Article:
Guide Museum Movies: The Museum of Modern Art and the Birth of Art Cinema

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In the fledgling Museum of Modern Art (MoMA), New York, announced the formation of the Film Library, a department tasked with saving and exhibiting.
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With the doors closed from June 15 to Oct. Three floors of exhibition space will retain a spine of chronology, but the museum will now mix media, juxtaposing painting, sculpture, architecture, design, photography, performance, film and works on paper. Lowry, director of the museum. MoMA is announcing these changes and others on Tuesday.

Existing galleries will also expand west through 53W53, the new residential skyscraper designed by Jean Nouvel. The museum will reopen with a survey of Latin American art, along with exhibitions by two African-American artists: Pope. L , known for his provocative performances, and Betye Saar , 92, whose collages and assemblages have often flown under the radar. Spectators leaving the cinema—a similar mass, disciplined and controlled in time, assembled and released at regular intervals. As the traditional factory arrests its workers, the cinema arrests the spectator.

Both are disciplinary spaces and spaces of confinement. But now imagine: Workers leaving the factory. Spectators trickling out of the museum or even queuing to get in. An entirely different constellation of time and space. This second crowd is not a mass, but a multitude. People are dispersed in time and space—a silent crowd, immersed and atomized, struggling between passivity and overstimulation. This spatial transformation is reflected by the format of many newer cinematic works. Whereas traditional cinematic works are single-channel, focusing the gaze and organizing time, many of the newer works explode into space.

While the traditional cinema setup works from a single central perspective, multi-screen projections create a multifocal space.

Ralph Fiennes arrives at The Museum of Modern Art Film Benefit tribute to Cate Blanchett

While cinema is a mass medium, multi-screen installations address a multitude spread out in space, connected only by distraction, separation, and difference. The difference between mass and multitude arises on the line between confinement and dispersion, between homogeneity and multiplicity, between cinema space and museum installation space.

This is a very important distinction, because it will also affect the question of the museum as public space. It is obvious that the space of the factory is traditionally more or less invisible in public. Its visibility is policed, and surveillance produces a one-way gaze.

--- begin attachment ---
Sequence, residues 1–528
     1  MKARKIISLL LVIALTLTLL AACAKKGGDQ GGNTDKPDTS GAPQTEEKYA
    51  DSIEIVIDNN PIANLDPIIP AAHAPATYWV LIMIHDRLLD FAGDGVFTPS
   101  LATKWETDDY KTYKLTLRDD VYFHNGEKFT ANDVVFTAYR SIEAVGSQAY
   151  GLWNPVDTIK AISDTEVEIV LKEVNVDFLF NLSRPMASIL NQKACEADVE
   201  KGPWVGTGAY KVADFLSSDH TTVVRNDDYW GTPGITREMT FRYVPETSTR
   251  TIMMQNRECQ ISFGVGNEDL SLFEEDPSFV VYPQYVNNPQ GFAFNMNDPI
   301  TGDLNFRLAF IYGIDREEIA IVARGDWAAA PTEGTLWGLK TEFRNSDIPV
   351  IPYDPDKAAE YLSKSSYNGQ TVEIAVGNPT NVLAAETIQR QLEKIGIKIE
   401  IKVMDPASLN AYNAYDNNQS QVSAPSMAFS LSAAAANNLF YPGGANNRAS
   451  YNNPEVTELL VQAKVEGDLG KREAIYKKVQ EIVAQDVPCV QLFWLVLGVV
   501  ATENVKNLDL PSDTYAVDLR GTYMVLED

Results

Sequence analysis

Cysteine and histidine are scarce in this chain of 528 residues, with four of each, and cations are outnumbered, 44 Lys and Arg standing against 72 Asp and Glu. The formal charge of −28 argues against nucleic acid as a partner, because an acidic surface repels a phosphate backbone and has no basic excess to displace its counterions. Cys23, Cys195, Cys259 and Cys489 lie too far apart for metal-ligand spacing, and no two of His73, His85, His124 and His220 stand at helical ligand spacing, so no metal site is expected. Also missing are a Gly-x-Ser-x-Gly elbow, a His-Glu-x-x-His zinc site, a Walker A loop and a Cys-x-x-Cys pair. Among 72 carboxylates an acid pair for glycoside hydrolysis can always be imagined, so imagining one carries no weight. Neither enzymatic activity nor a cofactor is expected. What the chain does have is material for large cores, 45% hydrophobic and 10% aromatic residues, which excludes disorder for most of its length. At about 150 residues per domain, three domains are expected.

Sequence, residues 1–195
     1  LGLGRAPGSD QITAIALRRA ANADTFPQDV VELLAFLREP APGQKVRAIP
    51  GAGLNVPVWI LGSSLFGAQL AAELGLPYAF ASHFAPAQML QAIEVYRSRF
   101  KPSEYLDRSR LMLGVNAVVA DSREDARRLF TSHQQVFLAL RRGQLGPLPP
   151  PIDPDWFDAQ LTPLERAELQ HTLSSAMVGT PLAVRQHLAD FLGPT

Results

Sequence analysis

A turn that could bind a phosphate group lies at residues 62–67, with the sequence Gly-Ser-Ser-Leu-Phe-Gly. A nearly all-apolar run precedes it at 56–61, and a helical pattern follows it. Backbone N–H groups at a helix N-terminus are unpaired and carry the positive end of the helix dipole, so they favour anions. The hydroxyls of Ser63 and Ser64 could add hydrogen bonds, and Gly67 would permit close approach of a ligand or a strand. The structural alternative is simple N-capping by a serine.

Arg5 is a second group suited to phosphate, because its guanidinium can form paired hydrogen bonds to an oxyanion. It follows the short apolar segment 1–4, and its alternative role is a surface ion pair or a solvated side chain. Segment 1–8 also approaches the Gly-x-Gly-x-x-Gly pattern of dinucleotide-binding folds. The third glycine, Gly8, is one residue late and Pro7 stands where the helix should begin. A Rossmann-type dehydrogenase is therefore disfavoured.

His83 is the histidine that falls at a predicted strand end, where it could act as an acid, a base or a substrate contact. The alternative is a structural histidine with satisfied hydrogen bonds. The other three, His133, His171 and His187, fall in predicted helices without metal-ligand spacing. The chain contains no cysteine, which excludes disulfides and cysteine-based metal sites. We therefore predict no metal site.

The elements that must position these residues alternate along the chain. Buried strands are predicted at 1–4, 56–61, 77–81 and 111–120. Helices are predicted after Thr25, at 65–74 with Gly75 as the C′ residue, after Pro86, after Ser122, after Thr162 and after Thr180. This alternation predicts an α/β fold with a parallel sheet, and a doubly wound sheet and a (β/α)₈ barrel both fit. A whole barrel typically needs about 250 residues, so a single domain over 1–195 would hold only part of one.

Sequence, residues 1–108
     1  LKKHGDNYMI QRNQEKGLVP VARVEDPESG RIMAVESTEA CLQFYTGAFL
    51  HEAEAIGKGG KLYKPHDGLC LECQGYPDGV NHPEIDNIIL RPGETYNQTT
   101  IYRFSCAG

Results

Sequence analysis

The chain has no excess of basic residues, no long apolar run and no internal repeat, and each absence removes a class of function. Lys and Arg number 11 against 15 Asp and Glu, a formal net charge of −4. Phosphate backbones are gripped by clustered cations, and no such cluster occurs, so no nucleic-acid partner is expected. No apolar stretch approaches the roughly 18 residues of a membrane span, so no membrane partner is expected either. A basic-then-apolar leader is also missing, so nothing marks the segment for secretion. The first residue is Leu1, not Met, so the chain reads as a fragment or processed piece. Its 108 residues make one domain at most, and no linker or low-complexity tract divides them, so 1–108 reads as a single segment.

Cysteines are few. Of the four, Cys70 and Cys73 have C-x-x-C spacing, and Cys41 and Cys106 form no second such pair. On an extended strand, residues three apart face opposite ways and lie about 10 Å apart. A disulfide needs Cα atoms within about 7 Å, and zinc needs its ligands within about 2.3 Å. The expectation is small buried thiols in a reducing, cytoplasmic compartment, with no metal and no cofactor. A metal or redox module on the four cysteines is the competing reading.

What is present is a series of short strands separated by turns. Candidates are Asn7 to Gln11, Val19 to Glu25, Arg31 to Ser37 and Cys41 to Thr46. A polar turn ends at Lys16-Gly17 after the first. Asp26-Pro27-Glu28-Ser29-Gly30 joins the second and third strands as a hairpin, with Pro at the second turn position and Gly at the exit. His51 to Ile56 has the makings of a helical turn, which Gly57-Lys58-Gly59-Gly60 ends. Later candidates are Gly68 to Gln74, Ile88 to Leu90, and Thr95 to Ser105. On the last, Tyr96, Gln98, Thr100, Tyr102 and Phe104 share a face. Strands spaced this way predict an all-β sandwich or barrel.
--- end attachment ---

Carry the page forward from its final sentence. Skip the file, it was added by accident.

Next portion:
Modern Matinees: The Film Library Grows | MoMA

Paradoxically, a museum is not so different. Museums prohibit filming or charge exorbitant shooting fees. A paradoxical situation arises: a museum predicated on producing and marketing visibility can itself not be shown—the labor performed there is just as publicly invisible as that of any sausage factory. This extreme control over visibility sits rather uncomfortably alongside the perception of the museum as a public space.

What does this invisibility then say about the contemporary museum as a public space? And how does the inclusion of cinematic works complicate this picture? The current discussion of cinema and the museum as public sphere is an animated one. Thomas Elsaesser, for example, asks whether cinema in the museum might constitute the last remaining bourgeois public sphere.

To make matters worse, the time-based mode of many cinematic installation works precludes a truly shared discourse around them; if works are too long, spectators will simply desert them. What would be seen as an act of betrayal in a cinema—leaving the projection while it lasts—becomes standard behavior in any spatial installation situation.

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In the installation space of the museum, spectators indeed become traitors—traitors of cinematic duration itself. In circulating through the space, spectators are actively montaging, zapping, combining fragments—effectively co-curating the show.

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Rationally conversing about shared impressions then becomes next to impossible. A bourgeois public sphere? Instead of its ideal manifestation, the contemporary museum rather represents its unfulfilled reality. In his choice of words, Elsaesser also addresses a less democratic dimension of this space. It refers to a state of exception or at least a temporal suspension of legality that allows the suspension of the law itself. At first glance, this repeats the old myth of artist as crazy genius, or more precisely, as petty-bourgeois dictator.